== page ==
News - 10.19.2018

There’s No Such Thing as a Technology Roadblock, Only a Lack of Imagination

Average developers are bound by laws, creative innovators seek to improve the laws.

Ben Scott

I was recently asked, “how small do you think tech will get?”

This is an interesting question because it revolves around a discussion in the tech industry concerning the validity of Moore’s Law. The “law,” created by Intel’s co-founder Gordon Moore, centers around our ability to fit an increasing number of transistors on a computer chip. According to Moore’s Law, the density of transistors on a chip will double every two years while the cost to produce the chip will halve.

What this means is the continued reduction in the size and cost of computing power. However, in recent years, this rate has slowed down and some technologists and economists suspect that it [Moore’s Law] may have come to an end.

I disagree. Moore’s Law is as valid today as it was in 1965. The reason why power and costs are not falling at the expected rate is more to do with investment decisions by the wafer fab and chip plants and the lack of new semiconducting materials. Silicon is hitting its limits and corporates are doing what corporates do best which is more of the same, rather than investing in innovation. In other words, they’re not taking risks anymore.

Scale is not driven by a law or existing technology. It is driven by necessity and desire. When people start asking about how small we can go, it’s the wrong question. “Where do we want to go?” is the question we should be asking. Purpose!

Manufacturing today is capable of some outstanding things in terms of scale. We can produce self-assembling nano-robots and even functional micro scale mechanical devices assembled by humans.

How cool is that?

The problem is that most people don’t know what’s possible and these same people try to limit others with their ignorance and lack of imagination. All large organizations I’ve worked with are filled with people trying to meet their goals, but they often have little to no idea of what’s really possible (and what they should actually be doing). This is a major issue when you’re an Apple, Amazon, Google, Microsoft -type organization.

We can go as small as our imaginations desire, the only limits are our own.

We are the ones that create barriers. We tell ourselves, and others, what is possible. We decide the status quo. Simply put, it comes down to whether or not we want to win.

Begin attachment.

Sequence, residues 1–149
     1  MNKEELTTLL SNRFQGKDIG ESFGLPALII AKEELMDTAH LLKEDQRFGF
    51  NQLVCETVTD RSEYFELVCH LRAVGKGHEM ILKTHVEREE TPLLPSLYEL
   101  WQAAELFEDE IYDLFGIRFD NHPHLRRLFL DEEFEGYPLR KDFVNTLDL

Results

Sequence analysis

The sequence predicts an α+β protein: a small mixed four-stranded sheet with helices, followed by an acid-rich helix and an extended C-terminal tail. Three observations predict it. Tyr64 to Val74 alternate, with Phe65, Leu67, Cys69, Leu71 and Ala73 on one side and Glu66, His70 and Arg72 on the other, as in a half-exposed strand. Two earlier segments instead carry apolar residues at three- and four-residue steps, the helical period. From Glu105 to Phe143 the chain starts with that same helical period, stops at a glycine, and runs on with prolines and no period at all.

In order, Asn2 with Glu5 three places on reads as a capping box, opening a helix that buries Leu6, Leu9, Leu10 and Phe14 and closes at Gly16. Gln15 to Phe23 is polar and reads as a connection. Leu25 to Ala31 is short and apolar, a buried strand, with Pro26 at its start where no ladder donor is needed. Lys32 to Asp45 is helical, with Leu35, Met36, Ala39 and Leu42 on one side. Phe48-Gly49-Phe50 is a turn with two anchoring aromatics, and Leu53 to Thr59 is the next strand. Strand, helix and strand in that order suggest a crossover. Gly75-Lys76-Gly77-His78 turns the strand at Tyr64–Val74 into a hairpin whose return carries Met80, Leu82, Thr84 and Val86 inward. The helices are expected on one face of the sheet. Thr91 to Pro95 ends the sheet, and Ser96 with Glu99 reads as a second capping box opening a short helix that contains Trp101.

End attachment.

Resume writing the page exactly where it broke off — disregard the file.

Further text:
Endurance athlete Kilian Jornet says this about winning:

“Winning isn’t about finishing in first place. It isn’t about beating the others. It is about overcoming yourself. Overcoming your body, your limitations, and your fears. Winning means surpassing yourself and turning your dreams into reality.”

We are on the boundary of quantum and this, by definition, requires a quantum change in thinking — how we dream. The point is that the world we live in is a human construct. Everything is man made; where we want to go and what we want to be is only limited by our imagination, our dreams, and our desire to win. Software is an example of this.

The only limits in the virtual world of code are the minds behind it. It’s not physical, so the laws (or constraints) are ours. It’s our domain. The physical world is the same, but we do need to understand it in order to shape it. Micro devices, quantum computers, and the chips that power them are no more impossible than flight was for the Wright brothers.

Quantum leap innovation comes from innovating the supply chain. If you can buy and assemble, then it’s pretty basic innovation: good and valuable, but unlikely to be front page stuff or anything particularly brain taxing. A leap requires risk, faith and dreams. A desire to make it happen and belief that it is right. This is not a place for lawyers, accountants, rules-driven people, or management.

Champions [Dreamers] are supported, not managed. Champions get up and learn from failure. There’s no such thing as a innovative dead end. If you get stuck, fail or are just unlucky enough to meet a luddite, remind yourself about what you want to achieve and why. Never say “I cannot,” go out and learn. Network. Talk to people. Challenge yourself. Find the misfits, the oddballs, the intellectual titans, get their view, use their knowledge and win.

If you are preparing for the end, then you’ve failed. You’re not gonna make it. Champions have no Plan B. They have a goal that is all consuming and you cannot be part of their world by planning. Champions learn. Champions train. Champions focus. Champions win.

Do you want to win? Are you prepared to do whatever it takes to achieve your dreams — to live at the edge?

So, how small do you want your tech?